James Reka is a young contemporary Australian artist based in Berlin, Germany. His origins lie in the alleyways and train lines of Melbourne’s inner-suburbs where he spent over a decade refining his now-emblematic aesthetic. His character work has come to represent the beginnings of a new style of street art: clean, unique and not necessarily on the street (much to his mother’s joy). With an amazing show opening tomorrow night (6 June) at Backwoods Gallery, Reka took time to talk to Damo.
We got a little love from our favourite melty Metallica fan, Buff Monster on his round up over at restaurant review site, The Infatuation.
Britain’s beloved stencil duo Snik struck Brick Lane last month with a triptych of stencils from Marc Laroche’s haunting photo-series, “hair”. The copper clad portraits can be caught on Hanbury Street in the beating heart of the London Shoreditch area.
So VNA’s Jodie got chatting with Nik, one half of the prolific double act, during a rare quiet moment nestled in a packed schedule of exhibitions, printmaking and painting, to try to find out a bit about what the past, present and future holds for the hardworking pair.
Based in Sydney Beastman is influenced by the beauty and symbolism behind nature’s repetitive patterns and organic lines. One of the most distinctive and prolific emerging artists in Australia, one third of creative group The Hours and co-founder of East Editions, Beastman has exhibited extensively throughout Australia, as well as in the UK, USA, Germany, Hong Kong and New Zealand.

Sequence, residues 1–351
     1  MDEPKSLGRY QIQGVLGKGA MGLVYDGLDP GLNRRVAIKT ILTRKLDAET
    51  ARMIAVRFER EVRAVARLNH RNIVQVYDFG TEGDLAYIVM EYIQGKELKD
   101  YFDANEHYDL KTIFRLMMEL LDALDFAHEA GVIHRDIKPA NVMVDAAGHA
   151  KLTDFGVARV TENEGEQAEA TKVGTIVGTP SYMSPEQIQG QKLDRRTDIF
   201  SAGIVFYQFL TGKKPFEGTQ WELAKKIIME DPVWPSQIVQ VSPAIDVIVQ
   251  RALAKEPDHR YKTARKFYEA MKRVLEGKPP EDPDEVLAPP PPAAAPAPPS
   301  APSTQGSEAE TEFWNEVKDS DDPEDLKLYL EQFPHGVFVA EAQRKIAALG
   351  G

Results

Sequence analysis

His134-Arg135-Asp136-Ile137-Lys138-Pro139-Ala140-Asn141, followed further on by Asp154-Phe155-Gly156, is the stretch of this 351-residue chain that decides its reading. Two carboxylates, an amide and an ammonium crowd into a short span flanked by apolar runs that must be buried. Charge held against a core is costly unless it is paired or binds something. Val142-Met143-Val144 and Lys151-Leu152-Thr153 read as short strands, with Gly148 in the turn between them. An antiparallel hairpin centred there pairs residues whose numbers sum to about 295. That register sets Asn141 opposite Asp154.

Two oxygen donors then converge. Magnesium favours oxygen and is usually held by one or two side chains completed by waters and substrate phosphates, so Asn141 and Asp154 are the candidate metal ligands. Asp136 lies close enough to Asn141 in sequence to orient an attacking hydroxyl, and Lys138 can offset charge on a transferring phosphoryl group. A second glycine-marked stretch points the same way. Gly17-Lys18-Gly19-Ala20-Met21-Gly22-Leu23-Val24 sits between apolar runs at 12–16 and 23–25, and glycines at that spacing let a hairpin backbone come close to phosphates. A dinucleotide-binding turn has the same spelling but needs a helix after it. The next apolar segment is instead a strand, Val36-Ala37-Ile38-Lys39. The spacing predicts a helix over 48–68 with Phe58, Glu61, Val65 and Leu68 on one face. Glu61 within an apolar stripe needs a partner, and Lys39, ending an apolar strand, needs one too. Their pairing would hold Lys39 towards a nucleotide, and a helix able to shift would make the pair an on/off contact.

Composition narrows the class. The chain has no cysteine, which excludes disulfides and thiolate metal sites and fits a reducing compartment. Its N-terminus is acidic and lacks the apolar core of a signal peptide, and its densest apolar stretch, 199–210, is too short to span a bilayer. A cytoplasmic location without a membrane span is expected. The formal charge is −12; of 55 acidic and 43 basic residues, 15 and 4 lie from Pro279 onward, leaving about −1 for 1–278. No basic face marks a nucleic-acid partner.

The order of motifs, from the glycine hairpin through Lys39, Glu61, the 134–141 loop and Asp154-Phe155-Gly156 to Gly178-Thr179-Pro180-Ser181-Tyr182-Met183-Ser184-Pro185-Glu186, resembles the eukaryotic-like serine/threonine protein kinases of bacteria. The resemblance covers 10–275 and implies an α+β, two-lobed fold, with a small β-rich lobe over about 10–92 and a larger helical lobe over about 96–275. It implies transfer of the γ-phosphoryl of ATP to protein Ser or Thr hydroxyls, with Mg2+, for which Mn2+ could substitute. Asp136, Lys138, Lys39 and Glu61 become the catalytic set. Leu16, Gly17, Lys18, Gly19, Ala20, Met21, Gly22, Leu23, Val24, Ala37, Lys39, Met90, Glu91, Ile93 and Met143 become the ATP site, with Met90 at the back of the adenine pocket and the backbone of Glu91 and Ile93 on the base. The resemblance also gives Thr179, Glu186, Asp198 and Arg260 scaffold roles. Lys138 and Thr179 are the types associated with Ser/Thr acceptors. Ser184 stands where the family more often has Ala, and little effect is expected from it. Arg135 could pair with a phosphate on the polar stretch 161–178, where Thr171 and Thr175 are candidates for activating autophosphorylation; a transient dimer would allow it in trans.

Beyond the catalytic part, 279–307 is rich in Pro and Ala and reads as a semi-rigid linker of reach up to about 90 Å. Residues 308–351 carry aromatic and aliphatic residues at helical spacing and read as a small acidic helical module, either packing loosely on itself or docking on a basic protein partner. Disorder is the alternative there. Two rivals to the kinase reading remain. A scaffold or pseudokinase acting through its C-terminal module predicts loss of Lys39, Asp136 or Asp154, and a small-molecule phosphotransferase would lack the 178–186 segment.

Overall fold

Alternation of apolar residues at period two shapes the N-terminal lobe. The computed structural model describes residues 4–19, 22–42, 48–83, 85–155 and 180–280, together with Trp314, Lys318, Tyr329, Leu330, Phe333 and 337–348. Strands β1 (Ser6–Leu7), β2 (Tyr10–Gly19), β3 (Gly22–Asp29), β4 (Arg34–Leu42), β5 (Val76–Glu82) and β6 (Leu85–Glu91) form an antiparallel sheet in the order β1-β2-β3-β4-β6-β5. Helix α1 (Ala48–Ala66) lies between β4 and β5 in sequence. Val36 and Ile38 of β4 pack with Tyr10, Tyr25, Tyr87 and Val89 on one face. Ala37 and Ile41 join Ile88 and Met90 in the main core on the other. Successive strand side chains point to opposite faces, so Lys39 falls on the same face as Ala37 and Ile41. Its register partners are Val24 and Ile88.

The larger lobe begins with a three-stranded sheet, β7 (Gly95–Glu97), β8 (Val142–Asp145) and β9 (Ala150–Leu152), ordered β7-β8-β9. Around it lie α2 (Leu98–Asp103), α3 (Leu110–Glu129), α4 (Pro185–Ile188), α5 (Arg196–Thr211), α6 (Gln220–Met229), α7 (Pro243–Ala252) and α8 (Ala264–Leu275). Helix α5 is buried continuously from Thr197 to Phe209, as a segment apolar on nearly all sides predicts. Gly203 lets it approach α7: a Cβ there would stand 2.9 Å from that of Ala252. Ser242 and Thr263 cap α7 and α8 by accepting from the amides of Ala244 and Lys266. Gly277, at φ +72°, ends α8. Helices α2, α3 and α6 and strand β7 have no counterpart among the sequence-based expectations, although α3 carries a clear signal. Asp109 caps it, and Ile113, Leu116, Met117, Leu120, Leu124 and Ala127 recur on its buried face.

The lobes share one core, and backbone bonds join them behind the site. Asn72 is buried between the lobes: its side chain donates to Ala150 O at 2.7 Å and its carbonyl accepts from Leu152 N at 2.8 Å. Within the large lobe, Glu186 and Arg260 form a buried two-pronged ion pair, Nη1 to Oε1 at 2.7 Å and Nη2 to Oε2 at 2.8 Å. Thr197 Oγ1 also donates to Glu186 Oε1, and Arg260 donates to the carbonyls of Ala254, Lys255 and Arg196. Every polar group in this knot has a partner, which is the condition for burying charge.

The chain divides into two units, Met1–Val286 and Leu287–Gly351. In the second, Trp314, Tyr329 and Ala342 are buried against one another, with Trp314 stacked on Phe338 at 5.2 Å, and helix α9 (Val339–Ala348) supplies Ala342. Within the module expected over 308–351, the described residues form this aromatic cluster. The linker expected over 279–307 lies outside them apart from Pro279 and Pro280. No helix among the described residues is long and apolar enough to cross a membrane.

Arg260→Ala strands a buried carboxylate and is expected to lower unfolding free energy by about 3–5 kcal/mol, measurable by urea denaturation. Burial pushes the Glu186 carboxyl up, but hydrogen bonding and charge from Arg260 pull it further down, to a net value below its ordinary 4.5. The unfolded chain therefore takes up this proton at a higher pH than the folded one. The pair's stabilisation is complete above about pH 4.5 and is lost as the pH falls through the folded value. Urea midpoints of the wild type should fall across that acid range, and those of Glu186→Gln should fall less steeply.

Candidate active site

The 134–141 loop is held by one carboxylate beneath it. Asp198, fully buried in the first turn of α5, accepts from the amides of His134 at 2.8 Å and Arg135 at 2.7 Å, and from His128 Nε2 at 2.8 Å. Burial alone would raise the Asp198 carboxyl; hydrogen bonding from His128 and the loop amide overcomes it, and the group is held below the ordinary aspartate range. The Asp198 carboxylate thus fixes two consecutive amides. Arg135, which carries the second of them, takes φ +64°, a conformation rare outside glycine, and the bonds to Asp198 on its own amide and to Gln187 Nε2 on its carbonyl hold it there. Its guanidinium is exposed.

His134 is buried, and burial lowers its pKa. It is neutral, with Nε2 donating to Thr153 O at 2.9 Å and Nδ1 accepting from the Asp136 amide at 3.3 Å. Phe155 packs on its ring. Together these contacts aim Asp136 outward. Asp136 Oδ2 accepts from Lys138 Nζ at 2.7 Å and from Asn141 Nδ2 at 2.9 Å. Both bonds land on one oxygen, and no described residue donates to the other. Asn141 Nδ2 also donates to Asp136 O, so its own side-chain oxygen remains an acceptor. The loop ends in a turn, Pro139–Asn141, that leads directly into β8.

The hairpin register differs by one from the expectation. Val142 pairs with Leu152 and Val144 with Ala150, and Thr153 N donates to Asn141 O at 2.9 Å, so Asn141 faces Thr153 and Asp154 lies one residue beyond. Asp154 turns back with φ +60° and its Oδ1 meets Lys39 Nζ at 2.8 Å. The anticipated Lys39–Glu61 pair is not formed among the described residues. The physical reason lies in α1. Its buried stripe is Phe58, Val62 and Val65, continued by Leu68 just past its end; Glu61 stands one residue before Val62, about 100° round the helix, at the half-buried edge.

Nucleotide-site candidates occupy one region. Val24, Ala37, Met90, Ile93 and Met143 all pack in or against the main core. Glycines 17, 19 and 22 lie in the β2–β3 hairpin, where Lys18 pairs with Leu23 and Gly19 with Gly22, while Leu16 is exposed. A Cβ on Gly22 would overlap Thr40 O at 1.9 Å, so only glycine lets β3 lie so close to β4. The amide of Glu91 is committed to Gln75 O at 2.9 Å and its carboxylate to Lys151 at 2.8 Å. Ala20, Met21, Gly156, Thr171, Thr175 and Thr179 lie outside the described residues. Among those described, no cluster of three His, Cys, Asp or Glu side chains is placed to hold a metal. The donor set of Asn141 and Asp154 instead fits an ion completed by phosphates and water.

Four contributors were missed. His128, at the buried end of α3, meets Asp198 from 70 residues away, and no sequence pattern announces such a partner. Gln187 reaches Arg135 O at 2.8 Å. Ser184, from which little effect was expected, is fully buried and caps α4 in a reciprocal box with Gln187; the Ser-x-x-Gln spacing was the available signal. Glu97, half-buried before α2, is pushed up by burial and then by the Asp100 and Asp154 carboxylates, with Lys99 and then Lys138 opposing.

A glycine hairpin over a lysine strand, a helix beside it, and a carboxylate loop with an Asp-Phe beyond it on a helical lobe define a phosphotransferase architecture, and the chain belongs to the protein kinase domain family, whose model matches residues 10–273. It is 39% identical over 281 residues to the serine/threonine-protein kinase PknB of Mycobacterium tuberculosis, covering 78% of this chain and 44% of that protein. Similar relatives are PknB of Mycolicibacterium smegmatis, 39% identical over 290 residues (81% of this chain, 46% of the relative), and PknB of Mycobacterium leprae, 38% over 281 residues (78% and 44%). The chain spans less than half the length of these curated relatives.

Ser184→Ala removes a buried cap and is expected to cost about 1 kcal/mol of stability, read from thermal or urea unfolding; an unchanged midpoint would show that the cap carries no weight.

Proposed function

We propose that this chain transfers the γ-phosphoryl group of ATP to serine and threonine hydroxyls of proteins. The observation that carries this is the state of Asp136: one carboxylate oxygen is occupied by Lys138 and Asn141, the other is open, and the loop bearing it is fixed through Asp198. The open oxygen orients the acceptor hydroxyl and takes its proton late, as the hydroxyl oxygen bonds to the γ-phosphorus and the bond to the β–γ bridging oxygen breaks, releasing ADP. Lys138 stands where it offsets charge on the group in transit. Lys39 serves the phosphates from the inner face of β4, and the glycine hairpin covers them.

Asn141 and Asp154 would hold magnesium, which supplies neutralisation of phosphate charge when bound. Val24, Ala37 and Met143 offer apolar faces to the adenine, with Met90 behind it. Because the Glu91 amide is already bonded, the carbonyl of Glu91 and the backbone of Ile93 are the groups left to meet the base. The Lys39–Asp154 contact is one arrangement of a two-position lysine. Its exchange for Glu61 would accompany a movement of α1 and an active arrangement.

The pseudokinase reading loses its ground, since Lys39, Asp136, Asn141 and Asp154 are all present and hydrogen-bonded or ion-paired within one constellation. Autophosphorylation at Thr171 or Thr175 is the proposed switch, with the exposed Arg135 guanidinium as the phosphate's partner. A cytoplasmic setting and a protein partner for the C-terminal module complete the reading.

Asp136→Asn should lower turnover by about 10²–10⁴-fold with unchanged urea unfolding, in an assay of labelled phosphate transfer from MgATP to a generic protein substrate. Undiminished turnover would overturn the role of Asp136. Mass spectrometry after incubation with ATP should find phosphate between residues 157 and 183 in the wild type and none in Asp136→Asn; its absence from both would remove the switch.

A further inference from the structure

Beastman recently took time to speak to VNAussie, Damo about his upcoming show at Backwoods Gallery as well as all things Beastman…
Damo: Tell us a bit about your early years and how you got into art:
Beastman: I grew up in the Sydney suburbs, a kid obsessed with and completely immersed in skateboarding. I always had an interest in making art from a young age, was always drawing on everything and messing around with things. Through skating I got into shooting photos and making videos, just messing around whilst out on the streets skating with my friends. Then I began to develop a real interest in the art and design that was a big part of skateboarding culture, as well as all the graffiti I would see on the street. I was really into seeing how the different brands presented themselves in magazines, their deck graphics, logo designs and the way the brands collaborated with artists and photographers etc. I ended up studying graphic design after high school in the late 90s and then worked as a designer for years whilst always messing around with drawing, skate photography and painting. Then it wasn’t until around 2005 that I felt I was creating some unique artworks and actually wanted to show people what I was doing, so I began to get involved more in the local art scene and started showing work in group exhibitions etc. I had my first solo exhibition in Sydney in 2008 and then its all just kept rolling forward from there really.
Tom Civil’s latest show, Stick Folk opens this Friday, 2nd May from 6pm at Backwoods Gallery, featuring a large body of original work, over 20 paintings, 9 etchings and unveiling a large steel sculpture.